Indigenous-owned Amrun Project contractor wins prestigious QRC award

29 May 2018

A 100 per cent Indigenous-owned and managed civil construction and earthmoving company has won a top Queensland resources sector prize for providing general services to Rio Tinto’s A$2.6 billion Amrun bauxite project in Far North Queensland.

Locally-owned Weipa company Northern Haulage and Diesel Services (NHDS) was named winner of the Exceptional Indigenous Business category at the prestigious 2018 Queensland Resources Council (QRC) Indigenous Awards in Brisbane on Monday evening.

NHDS was recognised for its consistent safety performance, scope execution, and cost management on the delivery of the Amrun Project’s general services contract. The contract has also opened up new employment opportunities for people on the Western Cape and now boasts a 100 per cent local Aboriginal work crew.

NHDS managing director Darrin Savo said "Partnering with Rio Tinto at Amrun has been a chance to grow our business and provide meaningful employment opportunities for local Aboriginal people that support the sustainability of the region.

"We are extremely committed to the successful delivery the general services contract and contributing to broader efforts that close the gap on Indigenous disadvantage."

Rio Tinto Amrun Project general manager Marcia Hanrahan was named first runner-up in the Indigenous Advocacy category.

Marcia was recognised for championing the aspirations of local Traditional Owners to increase local Aboriginal and Indigenous participation in the resources sector.

Rio Tinto Growth & Innovation group executive Stephen McIntosh said "Congratulations to NHDS and Marcia. These achievements are a testament to the culture of inclusiveness that has been firmly embedded throughout the Amrun Project by its leadership and teams.

"This builds on the strong foundation established at our Weipa bauxite mine which has 25 per cent indigenous employment today and a history of partnering with the local communities."

As at the end of 2017 the Amrun Project employed over 300 Aboriginal and Torres Strait Islanders, including over 100 local Aboriginal people.

Additionally A$1.3 billion has been spent by the project, directly and indirectly, with 704 Queensland suppliers, including 71 Western Cape businesses and 17 Aboriginal and Torres Strait Islander businesses.

About NHDS

NHDS was founded in July 2009 by brothers Darrin and Craig Savo. It is the largest 100 per cent Indigenous-owned and managed company on the Western Cape. The company specialises in the management and delivery of mining, civil, diesel haulage and labour hire services, and uniquely focuses on the training and mentoring of local Aboriginal people. Where applicable NHDS subcontracts to other Indigenous businesses.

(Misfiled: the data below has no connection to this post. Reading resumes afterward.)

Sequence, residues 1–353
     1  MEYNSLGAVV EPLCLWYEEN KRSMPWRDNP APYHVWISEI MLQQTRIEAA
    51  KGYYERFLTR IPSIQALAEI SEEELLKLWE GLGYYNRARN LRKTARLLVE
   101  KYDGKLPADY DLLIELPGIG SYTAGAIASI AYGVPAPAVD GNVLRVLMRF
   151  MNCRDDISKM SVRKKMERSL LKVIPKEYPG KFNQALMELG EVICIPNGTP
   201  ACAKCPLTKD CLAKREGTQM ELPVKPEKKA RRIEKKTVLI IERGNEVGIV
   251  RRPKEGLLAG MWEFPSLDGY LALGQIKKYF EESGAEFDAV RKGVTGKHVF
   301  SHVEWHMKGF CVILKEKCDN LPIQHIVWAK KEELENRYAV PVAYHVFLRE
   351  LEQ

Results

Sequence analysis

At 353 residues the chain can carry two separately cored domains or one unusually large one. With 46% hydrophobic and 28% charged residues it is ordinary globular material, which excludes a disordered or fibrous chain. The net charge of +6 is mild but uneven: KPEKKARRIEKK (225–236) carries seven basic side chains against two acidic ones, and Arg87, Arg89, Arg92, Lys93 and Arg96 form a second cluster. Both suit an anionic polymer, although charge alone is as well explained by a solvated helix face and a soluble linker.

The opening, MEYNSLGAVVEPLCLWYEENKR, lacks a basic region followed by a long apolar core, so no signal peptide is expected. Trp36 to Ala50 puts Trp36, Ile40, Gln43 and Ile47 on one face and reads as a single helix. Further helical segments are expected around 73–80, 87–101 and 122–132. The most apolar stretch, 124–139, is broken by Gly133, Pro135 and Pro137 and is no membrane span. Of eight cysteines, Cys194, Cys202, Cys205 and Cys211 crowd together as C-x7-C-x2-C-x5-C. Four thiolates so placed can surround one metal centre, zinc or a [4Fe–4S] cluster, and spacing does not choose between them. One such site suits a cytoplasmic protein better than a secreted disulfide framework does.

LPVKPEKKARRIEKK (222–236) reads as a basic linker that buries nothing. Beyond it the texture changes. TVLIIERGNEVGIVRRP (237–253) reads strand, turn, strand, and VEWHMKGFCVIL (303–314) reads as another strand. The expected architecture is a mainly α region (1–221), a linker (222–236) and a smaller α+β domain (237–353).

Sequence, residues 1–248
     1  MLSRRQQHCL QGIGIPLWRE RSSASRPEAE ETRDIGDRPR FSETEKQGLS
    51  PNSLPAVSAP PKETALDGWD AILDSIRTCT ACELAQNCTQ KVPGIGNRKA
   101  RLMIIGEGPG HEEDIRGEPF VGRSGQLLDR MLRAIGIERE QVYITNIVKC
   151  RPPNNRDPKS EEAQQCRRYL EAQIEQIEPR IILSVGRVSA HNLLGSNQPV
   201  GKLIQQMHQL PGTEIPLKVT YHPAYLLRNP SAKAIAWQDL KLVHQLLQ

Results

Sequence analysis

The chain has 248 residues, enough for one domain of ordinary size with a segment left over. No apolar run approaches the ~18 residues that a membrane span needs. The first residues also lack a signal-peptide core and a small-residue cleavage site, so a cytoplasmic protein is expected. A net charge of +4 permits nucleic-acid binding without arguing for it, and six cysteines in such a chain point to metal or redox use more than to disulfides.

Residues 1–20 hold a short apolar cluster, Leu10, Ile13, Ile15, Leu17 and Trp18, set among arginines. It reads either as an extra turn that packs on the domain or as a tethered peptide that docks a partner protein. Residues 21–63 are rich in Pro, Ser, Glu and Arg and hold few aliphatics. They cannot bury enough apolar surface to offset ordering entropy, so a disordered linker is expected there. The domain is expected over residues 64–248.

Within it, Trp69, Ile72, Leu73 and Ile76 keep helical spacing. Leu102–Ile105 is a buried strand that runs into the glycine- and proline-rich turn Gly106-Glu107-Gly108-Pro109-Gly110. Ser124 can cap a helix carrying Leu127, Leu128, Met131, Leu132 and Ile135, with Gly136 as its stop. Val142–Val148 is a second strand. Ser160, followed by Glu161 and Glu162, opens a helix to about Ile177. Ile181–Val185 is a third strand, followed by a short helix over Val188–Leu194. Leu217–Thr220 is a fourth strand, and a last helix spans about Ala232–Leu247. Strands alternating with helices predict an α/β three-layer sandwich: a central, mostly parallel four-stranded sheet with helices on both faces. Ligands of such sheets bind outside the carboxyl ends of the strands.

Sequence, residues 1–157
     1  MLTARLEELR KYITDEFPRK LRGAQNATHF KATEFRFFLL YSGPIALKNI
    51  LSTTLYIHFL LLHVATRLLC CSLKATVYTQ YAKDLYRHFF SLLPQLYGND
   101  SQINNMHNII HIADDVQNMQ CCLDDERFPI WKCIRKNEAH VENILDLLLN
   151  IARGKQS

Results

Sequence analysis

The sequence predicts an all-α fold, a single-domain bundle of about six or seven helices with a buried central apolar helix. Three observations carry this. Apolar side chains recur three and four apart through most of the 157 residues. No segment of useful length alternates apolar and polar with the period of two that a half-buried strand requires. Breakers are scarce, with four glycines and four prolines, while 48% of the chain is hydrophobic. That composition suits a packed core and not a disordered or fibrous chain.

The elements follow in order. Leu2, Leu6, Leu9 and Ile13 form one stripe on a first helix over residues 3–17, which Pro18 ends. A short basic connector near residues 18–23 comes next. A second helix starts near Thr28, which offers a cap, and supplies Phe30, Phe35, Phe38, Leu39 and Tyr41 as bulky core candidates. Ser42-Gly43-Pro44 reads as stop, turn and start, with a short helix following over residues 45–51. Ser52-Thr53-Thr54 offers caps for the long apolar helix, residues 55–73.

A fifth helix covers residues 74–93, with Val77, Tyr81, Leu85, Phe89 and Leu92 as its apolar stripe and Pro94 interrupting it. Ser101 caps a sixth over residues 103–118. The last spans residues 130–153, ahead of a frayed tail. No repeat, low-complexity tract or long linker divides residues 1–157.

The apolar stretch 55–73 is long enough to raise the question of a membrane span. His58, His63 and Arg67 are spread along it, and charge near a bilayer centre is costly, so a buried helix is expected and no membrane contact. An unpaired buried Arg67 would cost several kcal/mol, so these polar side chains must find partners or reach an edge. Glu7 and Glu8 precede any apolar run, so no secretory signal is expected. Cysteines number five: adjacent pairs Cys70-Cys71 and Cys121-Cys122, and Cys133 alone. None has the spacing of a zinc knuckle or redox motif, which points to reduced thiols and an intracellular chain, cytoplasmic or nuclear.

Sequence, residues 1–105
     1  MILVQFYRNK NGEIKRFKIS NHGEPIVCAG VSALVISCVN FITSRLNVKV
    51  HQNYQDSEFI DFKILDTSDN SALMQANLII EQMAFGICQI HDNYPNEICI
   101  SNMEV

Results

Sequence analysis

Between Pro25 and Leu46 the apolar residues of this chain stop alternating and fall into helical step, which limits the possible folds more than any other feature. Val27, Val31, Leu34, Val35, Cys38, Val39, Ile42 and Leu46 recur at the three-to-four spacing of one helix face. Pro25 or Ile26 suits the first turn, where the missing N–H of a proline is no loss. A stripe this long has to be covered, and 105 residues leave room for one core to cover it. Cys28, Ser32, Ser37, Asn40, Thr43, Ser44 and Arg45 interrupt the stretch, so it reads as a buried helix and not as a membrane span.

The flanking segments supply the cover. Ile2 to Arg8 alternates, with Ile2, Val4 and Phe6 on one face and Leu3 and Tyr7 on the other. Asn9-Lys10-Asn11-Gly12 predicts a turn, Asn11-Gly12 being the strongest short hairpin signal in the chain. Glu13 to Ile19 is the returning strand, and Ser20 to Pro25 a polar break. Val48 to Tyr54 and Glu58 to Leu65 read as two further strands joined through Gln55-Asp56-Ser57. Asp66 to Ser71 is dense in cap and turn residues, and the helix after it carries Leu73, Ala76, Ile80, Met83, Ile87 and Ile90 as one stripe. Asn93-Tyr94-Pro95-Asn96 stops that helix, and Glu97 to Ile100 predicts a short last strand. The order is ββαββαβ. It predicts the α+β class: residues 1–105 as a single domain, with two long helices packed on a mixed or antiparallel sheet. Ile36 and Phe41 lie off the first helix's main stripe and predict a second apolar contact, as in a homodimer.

NHDS has maintained an important focus on social responsibility as an Aboriginal business with its leadership being members of Traditional Owner groups of the Western Cape. It understands the issues impacting Aboriginal people and communities and is well placed to undertake meaningful engagement with local Indigenous people within the Western Cape region. NHDS seeks to reduce welfare dependency by focusing on the education, training, and employment of Indigenous people.

About Marcia Hanrahan

Marcia is an established leader with 20 years’ experience in the resource industry in both mining and processing. In her current role as general manager of the Amrun Project, Marcia leads the construction of Rio Tinto’s A$2.6 billion bauxite mine and associated infrastructure, located between Weipa and Aurukun on the western Cape York Peninsula.

Having come from regional Queensland, Marcia believes in the economic and social benefits of businesses engaging and employing locally. She advocates for businesses to identify the strengths, transferable skills, and knowledge of the local people, and build on this competitive advantage born from their innate capacity, their connection, and their long-term commitment to the region. What sets Marcia apart is her approach to challenging the status quo, and removing barriers to create employment opportunities in construction for Aboriginal and Torres Strait Islander people.